Geri and James return in their most explosive adventure to date. When next door neighbour, Lydia, gives birth to her second healthy baby boy, James and Geri pray their friend can finally be happy and at peace. But, little do they know Lydia’s troubles are far from over. Meanwhile, Geri is researching several historic, unsolved murders for James' new book. She discovers one of the prime suspects now resides in Spring Pines Retirement Village, the scene of not one, but two recent killings. Although the police reject the theory, Geri is convinced the cold case they’re researching is linked to the recent murders. But how? Will she regret delving so deeply into the past?
Dalton Lloyd closed the shutter on the serving hatch just as a doddering old woman appeared pushing her walking frame towards him.
“Am I too late?” she asked. “I only want an apple.”
“Do you see the sign? Kitchen’s closed,” Dalton barked. The woman stepped backwards. A look of total shock played out in the deep wrinkles of her face, and her already watery eyes welled some more.
“Don’t look at me like that, you old witch. I do have a life, you know, unlike you lot sitting around here waiting to die.” Another old codger, who had been sitting towards the back of the dining room, suddenly jumped to his feet and rushed towards them. “How dare you speak to her like that!” he cried, shaking his fist towards Dalton menacingly.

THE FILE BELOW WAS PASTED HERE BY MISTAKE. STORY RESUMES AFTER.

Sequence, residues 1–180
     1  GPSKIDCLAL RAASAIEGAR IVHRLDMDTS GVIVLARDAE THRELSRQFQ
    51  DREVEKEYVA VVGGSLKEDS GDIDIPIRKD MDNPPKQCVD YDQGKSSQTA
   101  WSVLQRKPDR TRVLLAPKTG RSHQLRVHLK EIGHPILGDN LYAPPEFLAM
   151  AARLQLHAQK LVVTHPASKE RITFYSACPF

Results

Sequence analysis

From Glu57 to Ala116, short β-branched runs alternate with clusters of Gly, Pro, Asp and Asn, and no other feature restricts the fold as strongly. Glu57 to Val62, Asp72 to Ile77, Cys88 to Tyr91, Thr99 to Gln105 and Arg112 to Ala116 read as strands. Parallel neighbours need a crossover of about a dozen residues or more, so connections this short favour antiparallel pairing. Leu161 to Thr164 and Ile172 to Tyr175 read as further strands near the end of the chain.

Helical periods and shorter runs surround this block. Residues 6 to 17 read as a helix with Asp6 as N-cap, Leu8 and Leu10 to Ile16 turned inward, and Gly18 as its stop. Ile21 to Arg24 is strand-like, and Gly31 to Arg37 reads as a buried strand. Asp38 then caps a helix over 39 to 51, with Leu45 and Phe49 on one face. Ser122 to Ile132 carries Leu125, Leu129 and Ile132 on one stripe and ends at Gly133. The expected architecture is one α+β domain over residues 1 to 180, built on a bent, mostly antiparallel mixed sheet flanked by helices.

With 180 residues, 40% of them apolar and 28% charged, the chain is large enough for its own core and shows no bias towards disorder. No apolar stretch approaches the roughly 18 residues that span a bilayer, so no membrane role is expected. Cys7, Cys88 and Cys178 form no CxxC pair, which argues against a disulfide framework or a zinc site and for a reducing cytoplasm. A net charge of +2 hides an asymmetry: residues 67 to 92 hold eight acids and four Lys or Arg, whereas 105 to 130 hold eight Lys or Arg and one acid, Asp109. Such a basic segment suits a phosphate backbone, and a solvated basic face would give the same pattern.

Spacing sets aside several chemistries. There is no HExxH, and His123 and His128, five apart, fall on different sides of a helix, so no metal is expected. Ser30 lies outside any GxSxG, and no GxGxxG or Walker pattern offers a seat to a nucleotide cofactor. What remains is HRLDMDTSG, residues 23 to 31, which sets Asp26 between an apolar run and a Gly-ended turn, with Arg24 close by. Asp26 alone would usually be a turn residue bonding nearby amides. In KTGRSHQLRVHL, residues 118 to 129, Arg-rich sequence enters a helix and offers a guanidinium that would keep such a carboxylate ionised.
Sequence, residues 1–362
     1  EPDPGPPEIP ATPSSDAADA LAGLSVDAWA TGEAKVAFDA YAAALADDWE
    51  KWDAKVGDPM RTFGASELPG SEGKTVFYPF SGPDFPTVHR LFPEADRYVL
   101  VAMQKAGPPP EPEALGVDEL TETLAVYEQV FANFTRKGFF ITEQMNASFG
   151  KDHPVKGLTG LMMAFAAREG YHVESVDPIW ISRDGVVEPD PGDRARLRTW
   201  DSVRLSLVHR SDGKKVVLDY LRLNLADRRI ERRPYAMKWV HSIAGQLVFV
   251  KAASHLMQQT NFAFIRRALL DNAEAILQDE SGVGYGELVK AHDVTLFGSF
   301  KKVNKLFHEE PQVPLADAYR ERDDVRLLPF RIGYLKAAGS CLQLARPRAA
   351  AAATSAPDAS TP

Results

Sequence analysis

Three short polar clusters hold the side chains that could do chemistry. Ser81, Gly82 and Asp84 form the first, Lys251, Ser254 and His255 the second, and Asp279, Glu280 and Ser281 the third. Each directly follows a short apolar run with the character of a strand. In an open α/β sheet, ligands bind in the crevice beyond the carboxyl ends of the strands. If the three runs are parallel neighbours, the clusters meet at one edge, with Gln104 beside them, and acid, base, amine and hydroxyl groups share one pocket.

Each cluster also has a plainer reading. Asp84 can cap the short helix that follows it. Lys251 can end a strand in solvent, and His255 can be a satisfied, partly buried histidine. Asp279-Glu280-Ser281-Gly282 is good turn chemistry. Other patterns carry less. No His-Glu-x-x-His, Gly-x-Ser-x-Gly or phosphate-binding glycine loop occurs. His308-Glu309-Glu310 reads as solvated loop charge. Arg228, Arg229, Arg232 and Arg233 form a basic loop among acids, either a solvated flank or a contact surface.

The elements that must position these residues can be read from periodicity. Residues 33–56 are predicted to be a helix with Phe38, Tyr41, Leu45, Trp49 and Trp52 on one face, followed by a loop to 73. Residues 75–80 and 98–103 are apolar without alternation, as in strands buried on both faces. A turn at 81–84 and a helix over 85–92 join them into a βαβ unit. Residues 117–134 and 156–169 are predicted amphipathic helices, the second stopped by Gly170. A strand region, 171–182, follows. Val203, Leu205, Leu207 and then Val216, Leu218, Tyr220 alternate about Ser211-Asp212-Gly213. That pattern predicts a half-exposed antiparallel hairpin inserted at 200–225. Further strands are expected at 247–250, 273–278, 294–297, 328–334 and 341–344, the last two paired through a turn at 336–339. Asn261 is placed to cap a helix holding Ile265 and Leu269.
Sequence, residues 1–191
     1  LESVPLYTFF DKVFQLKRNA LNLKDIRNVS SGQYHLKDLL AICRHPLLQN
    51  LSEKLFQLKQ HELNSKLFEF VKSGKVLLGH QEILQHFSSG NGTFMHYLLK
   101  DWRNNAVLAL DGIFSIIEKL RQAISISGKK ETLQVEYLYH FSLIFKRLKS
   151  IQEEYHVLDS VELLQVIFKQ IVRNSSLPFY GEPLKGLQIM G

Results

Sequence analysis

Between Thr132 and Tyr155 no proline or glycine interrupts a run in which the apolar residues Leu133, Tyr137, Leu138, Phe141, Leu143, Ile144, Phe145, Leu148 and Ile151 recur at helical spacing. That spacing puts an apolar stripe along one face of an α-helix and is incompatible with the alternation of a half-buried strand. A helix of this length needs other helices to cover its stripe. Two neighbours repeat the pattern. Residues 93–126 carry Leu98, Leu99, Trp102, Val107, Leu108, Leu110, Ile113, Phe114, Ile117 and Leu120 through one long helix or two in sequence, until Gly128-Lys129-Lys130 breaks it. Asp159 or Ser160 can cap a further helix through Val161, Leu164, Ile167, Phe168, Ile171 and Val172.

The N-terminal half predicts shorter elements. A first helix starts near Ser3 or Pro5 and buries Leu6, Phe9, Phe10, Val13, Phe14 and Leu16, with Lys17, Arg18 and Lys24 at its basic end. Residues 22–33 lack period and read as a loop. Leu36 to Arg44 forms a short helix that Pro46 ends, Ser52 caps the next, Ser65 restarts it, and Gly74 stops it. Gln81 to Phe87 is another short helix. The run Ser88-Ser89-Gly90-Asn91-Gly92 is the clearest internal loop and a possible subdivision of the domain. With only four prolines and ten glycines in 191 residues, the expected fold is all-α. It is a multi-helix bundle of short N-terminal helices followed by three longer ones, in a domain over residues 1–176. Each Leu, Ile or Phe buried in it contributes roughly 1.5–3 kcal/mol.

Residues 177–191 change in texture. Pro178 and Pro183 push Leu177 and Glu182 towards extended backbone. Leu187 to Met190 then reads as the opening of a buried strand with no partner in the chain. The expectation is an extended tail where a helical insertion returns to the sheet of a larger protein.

“And you can shut up, and all. What are you going to do with that? Beat me senseless?” Dalton boomed out a laugh as he turned off the light and exited the side door to where his dilapidated truck was parked. Climbing in, he turned the key and headed out the main gates of the Spring Pines Retirement Village. Relieved to shake off his day’s work, he headed to his local pub to play on the fruit machines, something he did every night—or on the nights he could afford to, that is. The White Hart had been his local since leaving school. He didn’t like change and was perfectly happy to go about his daily routine until the day he popped his clogs. He didn’t like working at the retirement village—it did his head in. But the feeble-minded old people more than made up for it with their gullible attitudes and more money than they could possibly spend before they carked it. He had a few favourites that he’d groomed over the past few months. Befriending the needy bastards had been a doddle—offering to pick up a bit of shopping worked every time and would always culminate in the offer of a cup of tea, leaving him to have a good mooch about their bungalow. No matter how many times they were told to put their money into a bank or building society, they never seemed to listen, and he would always find a stash of notes either under the mattress, in a large old teapot in the kitchen, or in a sho